WTH: You played with Jarred Cosart, Jonathan Singleton, Domingo Santana and Jonathan Villar in 2010 in the Sally League. Did that help in your transition in coming to the Astros? Any insights you'd like to share about any of those players?
JZ: Coming over here with such talents as Jarred, Singleton, Santana and Villar, really helps me feel more comfortable in completely new surroundings. They are all such different personalities, with tremendous skillsets, that I can assimilate at my own pace. The benefit is that with their talents being at such high levels, I feel the need to step up my game to new heights. All I know is that Astros Nation is going to have to get used to hearing "Cosart" "Singleton" "Santana" and "Villar" over the PA system at Minute Maid Park for the next 10-15 years, that's what I have to say about those guys.
WTH: What are you currently working on in Spring Training and how is it going so far?
JZ: I am currently working on just getting ready for the season - to pitch as often as possible, and be as much of a help in any way, shape, or form, to which ever ball club I am placed on this season. Because no matter where you begin the season, the most important thing is where you end.
Spring training is going well. I've been down here since February 24th, getting ready for the 2012 championship season. I've thrown to hitters about 8 times, and every time coming out of those outings feeling way more confident. The level of competition in camp is extremely high this year. The new ownership expects a lot of us, and I think we are in a prime position to really surprise a bunch of people.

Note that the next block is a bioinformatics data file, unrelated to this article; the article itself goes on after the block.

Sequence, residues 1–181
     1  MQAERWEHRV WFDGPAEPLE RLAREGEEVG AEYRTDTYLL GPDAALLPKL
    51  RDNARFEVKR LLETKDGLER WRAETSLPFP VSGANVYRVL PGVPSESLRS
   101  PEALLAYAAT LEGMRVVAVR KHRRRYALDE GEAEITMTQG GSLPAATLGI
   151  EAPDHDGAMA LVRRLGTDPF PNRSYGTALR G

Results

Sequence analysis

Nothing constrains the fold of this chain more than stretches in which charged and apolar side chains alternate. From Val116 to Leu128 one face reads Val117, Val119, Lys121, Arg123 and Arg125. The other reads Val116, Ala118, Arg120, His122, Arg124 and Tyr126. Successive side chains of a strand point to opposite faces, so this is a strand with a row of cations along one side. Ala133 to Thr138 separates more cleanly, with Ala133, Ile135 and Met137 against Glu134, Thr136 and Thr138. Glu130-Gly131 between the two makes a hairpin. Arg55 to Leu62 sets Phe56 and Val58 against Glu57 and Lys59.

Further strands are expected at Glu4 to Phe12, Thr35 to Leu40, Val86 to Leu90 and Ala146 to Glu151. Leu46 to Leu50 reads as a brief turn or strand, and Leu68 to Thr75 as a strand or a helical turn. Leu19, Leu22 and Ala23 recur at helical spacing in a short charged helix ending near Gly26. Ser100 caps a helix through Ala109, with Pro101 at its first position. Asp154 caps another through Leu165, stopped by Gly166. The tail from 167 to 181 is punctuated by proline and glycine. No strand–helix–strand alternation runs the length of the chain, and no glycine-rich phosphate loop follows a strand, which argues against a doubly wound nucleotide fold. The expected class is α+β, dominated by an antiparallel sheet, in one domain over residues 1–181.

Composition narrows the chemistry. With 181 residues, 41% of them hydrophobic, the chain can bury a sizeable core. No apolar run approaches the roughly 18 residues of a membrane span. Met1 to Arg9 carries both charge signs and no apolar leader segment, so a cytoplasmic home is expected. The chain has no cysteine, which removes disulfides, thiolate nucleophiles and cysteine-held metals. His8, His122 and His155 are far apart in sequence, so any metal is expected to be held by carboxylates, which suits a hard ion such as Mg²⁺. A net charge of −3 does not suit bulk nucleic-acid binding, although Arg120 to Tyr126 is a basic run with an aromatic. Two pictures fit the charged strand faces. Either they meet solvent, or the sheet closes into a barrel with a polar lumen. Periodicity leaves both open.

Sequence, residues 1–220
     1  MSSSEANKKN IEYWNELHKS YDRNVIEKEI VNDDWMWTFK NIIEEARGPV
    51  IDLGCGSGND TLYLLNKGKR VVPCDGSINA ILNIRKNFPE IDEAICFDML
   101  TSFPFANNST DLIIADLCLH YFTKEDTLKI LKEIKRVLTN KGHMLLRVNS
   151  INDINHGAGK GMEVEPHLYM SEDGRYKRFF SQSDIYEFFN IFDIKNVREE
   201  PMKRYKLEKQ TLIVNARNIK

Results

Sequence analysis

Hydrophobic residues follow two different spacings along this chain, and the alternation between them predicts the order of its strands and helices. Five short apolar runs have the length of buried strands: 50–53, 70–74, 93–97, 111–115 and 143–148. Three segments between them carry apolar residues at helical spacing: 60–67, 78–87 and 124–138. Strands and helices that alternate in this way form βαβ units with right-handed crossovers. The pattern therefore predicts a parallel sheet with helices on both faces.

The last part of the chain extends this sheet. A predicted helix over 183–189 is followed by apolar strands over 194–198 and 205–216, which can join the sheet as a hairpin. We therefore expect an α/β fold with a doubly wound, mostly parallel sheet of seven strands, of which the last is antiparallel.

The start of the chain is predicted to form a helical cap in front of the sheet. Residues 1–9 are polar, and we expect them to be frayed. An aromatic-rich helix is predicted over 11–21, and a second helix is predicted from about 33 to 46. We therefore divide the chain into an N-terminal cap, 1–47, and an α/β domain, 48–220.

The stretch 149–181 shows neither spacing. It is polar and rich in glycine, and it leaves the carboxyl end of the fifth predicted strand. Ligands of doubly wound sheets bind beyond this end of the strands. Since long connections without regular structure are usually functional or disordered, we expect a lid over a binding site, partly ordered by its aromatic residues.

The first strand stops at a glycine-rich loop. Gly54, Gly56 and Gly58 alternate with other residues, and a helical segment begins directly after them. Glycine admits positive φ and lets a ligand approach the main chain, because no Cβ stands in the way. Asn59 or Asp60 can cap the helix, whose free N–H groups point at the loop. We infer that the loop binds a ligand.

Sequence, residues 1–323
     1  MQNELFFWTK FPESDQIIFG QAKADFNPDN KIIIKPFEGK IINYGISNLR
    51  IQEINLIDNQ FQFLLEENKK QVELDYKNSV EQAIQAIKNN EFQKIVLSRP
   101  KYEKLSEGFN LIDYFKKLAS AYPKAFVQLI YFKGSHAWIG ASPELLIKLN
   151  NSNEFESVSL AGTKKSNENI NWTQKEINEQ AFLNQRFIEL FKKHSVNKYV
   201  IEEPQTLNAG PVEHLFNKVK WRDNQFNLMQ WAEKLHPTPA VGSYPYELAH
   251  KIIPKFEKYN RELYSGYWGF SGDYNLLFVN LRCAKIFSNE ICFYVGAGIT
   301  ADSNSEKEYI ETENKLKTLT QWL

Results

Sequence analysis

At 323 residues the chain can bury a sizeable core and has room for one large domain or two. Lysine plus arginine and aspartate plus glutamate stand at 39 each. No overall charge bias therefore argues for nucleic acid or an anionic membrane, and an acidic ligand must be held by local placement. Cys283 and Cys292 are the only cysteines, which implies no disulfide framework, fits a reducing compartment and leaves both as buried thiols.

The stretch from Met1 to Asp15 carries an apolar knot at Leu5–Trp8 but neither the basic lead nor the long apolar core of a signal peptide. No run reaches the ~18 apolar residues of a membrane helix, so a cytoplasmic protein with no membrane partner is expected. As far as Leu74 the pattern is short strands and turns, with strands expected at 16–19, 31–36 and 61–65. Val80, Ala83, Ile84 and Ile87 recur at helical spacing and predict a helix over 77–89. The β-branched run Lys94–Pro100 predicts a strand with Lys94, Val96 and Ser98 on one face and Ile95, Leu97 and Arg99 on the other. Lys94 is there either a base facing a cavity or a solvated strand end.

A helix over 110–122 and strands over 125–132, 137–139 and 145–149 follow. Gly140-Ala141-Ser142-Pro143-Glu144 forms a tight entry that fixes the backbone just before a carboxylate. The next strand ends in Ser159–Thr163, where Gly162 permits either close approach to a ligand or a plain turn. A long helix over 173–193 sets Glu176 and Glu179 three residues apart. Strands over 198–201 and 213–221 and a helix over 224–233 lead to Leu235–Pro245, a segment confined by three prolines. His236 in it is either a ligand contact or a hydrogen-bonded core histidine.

WTH: In your college and minor league career, have you encountered any problems or perceived prejudices because of your Jewish faith or has it been a non-issue for you?
JZ: I have not encountered any serious problems with my religion over my long career (high school all the way to current times). One thing that has been kind of illuminating has been the amount of people that have either never met a Jewish person, or who see my necklace, and are taken aback that a Jewish person could play professional sports. I never get offended by it, because Judaism isn't as prevalent in the South or midwest, but that it is growing. I never try to separate myself from guys with other religions. If they say grace before a meal, or pray before a game, I don't walk out, or I don't turn my back to it; I embrace it, and I appreciate their religious background as I hope they would with mine.
WTH: If you couldn't be a ballplayer, what would you do?
JZ: Ive always wanted to go to law school, and become a sports agent; but in another life I think I was meant to be a FBI or CIA agent, because those movies, books, and tv shows always intrigue me.
WTH: Can you tell me something about yourself that most people don't know and might be surprised to hear?
JZ: I really enjoy writing. I studied English and political science at college, and really took a liking to creative writing/fiction.
WTH: Any final words (i.e., anything else you think that Astros fans should know about you)?
JZ: I'm really looking forward to my first full season with the Astros organization, and I hope you all enjoy watching whichever team I'm on, play and win a lot of games this year.
We will, indeed, enjoy that! Thanks for your time and good luck in the 2012 season, Josh.